A Flying Tiger commercial plane once crashed off the south end of Da Nang. It hit a village killing several and throwing wounded people into the road. A work detail of Air Force personnel who were actually in the stockade, were trapped beyond the wreckage and it was getting dark. In order to make their way back to base along this road they tossed some people onto the hood of their jeep. They got bronze stars for saving lives, when, in fact, they were just trying to get back to base before dark!

Hammer said...

The way you describe it makes the scene vivid in my mind. Great story telling. Do you have a book in the works?

~Fathairybastard~ said...

yep, another great story, vividly told. I've also heard of people getting medals for nothing, and wonder what folks really did when I see the bumper stickers and plates on cars here around the base. Something tells me that a real hero doesn't need a bumper sticker to let everyone know about it.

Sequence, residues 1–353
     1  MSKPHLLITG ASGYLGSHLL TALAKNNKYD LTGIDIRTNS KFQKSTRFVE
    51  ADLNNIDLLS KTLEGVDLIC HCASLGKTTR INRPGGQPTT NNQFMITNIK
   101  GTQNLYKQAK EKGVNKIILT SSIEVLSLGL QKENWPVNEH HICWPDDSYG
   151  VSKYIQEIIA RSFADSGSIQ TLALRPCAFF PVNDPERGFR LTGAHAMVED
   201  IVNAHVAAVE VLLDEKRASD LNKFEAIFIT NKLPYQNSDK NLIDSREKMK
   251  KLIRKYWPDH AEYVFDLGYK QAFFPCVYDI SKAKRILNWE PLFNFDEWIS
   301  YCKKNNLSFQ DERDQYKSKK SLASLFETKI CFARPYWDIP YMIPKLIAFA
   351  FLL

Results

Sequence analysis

And that's called Couter Battery Fire by the way. never forget watching the news once when Israel invaded Lebanon in the early 1980s, and they were getting hit by PLO katyushas. the PLO would have the batteries of rockets mounted on puckup trucks so they could shoot and scoot, but it was to no evail. As soon as the rockets started to go up the IDF artillery shells would rain in and the whole place would go up in flames. Cool as hell. Yea, I bet the sound of those guns and the chain guns on those planes was like sweet music.

Great stuff man.

Jose said...